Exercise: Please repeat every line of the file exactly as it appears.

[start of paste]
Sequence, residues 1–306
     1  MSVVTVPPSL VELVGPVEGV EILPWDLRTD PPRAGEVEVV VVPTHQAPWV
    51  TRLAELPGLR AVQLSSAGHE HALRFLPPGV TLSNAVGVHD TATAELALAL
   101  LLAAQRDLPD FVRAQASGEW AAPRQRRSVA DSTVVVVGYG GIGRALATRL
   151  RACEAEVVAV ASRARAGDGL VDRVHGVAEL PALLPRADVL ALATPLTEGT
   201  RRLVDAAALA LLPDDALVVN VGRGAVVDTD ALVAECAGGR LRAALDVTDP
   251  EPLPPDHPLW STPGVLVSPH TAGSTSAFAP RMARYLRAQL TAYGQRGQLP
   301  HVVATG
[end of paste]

Sequence, residues 1–306
     1  MSVVTVPPSL VELVGPVEGV EILPWDLRTD PPRAGEVEVV VVPTHQAPWV
    51  TRLAELPGLR AVQLSSAGHE HALRFLPPGV TLSNAVGVHD TATAELALAL
   101  LLAAQRDLPD FVRAQASGEW AAPRQRRSVA DSTVVVVGYG GIGRALATRL
   151  RACEAEVVAV ASRARAGDGL VDRVHGVAEL PALLPRADVL ALATPLTEGT
   201  RRLVDAAALA LLPDDALVVN VGRGAVVDTD ALVAECAGGR LRAALDVTDP
   251  EPLPPDHPLW STPGVLVSPH TAGSTSAFAP RMARYLRAQL TAYGQRGQLP
   301  HVVATG